The following quote encompassed an accumulation of my feelings over the past few months perfectly: “’Finding yourself’ is not really how it works. You aren’t a ten-dollar bill in last winter’s coat pocket. You are also not lost. Your true self is right there, buried under cultural conditioning, other people’s opinions, and inaccurate conclusions you drew as a kid that became beliefs about who you are. “Finding yourself” is actually returning to yourself. An unlearning, an excavation, a remembering who you were before the world got its hands on you.”*

What are you bringing back with you? they ask me, more fuerte, this time. An excavated love for reading? The realization that I’m stronger than I ever thought before? Is patience an acceptable souvenir? The ability to engage in educated discourse without tearing up? A thousand witnessed crooked, beautiful smiles I could never begin to explain to you? When all is reduced to embers, what do we use to remember the flames? Atomism of parts, that’s what.

I glance again at the Venezuelan woman through sun-strained eyes, when she looks at me. If this isn’t the first time, it’s the first time I ever felt it so profoundly.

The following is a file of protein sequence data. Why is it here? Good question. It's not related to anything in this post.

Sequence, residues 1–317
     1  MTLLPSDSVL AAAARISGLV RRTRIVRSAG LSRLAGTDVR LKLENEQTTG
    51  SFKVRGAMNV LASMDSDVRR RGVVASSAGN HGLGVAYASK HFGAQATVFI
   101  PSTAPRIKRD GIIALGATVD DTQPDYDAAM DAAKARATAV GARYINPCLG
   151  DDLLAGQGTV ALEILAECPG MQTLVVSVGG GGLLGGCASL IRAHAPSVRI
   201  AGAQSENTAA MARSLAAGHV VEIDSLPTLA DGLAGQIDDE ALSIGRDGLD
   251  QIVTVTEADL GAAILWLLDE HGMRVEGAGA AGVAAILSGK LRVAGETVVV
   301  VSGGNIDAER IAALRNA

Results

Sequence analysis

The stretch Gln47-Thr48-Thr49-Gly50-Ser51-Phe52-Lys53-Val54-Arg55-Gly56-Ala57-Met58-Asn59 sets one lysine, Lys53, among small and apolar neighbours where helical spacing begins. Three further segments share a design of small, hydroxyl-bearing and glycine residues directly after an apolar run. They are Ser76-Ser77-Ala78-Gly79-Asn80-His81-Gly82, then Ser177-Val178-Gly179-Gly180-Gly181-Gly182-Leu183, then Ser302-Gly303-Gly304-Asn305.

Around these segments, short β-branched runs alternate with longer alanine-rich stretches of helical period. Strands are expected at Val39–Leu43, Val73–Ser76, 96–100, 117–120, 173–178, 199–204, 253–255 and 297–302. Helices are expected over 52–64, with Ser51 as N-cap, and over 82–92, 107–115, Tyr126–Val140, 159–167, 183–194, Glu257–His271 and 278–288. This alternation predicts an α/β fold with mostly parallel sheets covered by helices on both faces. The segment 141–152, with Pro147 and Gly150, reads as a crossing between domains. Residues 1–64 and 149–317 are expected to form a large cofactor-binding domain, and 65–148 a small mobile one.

Are you safe? my heart asks her in a contact of eyes. How are you, really?

The littlest shift of a skirt, of watching the Pepsi Truck Guys in detestation, who are telling her to turn around one time for them, of a waiting game in which I tell myself I can wait until the next bus, just until she packs the unsold, tepid drinks into the cooler and makes her way across the congested street. I feel the birth of a maternal, sanctuarial spirit within me. As women, we are guardians of the other. The unspoken promises: Estoy aquí. Estoy observando. Seré testigo. I’m here. I’m watching. I’ll witness.

Can you bottle feelings? Can you tell me if the weight of a story I’ve never lived can go in a checked bag? How many jars hold the city rain melting with semáforos across the windshield of an overcrowded bus? Can I bottle the war of diesel emissions and freshly baking pan battling in the air? Can I fashion my host mother’s “te quiero muchos” into a pair of earrings so they can always hang by my ears? How many rooster-initiated, flustered 5 a.m. wake-ups can fit in my backpack for later? How do I make a nest of my hair for the hummingbirds on the power lines?

The line 16 bus pulls away, fluxing the colors of the Equatorial sun.

I’m hanging my cap on my gap year with more questions than answers, more places to go than I’ve been, more effervescent moments to bottle than I have ever before experienced. It may seem dismal (I’ve never been a fan of good-byes or the-ends) to stitch all the threadbare stories together to wrap myself in warmth of memory later. No, there are so many realizations & manifestations that I carry on my person that bask me from the inside out. It’s an inner atlas that reminds me never to forget the miles I’ve traveled just to make it here, right where my feet are, poised onward toward terrifying, abounding mountains. To hell with happy endings, I’m here for the story.

*Quote by Emily McDowell